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Excitation Synthesis

For a further reduction in cost of implementation, particularly with respect to memory usage, it is possible to synthesize the excitation using a noise signal through a time-varying lowpass filter [443]. The synthesis replaces the recorded soundbard/enclosure sound. It turns out that the sound produced by tapping on a piano soundboard sounds very similar to noise which is lowpass-filtered such that the filter bandwidth contracts over time. This approach is especially effective when applied only to the high-frequency residual excitation after factoring out all long-ringing modes as biquads.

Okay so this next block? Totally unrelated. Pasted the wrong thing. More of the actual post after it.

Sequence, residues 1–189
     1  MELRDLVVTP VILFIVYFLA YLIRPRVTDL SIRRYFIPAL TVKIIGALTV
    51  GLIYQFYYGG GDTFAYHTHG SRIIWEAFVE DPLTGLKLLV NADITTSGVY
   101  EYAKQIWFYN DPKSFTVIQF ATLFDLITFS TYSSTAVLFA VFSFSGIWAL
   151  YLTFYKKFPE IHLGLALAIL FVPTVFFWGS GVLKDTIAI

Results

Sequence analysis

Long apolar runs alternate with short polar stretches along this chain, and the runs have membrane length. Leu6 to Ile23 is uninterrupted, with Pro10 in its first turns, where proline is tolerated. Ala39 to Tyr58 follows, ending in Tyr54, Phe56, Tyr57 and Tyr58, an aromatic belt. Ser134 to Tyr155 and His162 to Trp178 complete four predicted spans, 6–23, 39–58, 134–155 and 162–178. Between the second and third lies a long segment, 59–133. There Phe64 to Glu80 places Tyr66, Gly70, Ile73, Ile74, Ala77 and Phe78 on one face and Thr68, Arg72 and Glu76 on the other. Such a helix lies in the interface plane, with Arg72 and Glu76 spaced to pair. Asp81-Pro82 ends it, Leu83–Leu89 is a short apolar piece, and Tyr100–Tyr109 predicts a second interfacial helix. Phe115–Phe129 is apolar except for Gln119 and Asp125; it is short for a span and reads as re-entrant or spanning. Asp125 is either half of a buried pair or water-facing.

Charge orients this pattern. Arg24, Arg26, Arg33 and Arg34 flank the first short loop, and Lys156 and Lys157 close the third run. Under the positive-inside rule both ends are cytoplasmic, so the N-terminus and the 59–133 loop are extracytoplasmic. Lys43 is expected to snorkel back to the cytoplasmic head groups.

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``Physical Audio Signal Processing'', by Julius O. Smith III, W3K Publishing, 2010, ISBN 978-0-9745607-2-4.
Copyright © 2014-06-11 by Julius O. Smith III
Center for Computer Research in Music and Acoustics (CCRMA),   Stanford University
CCRMA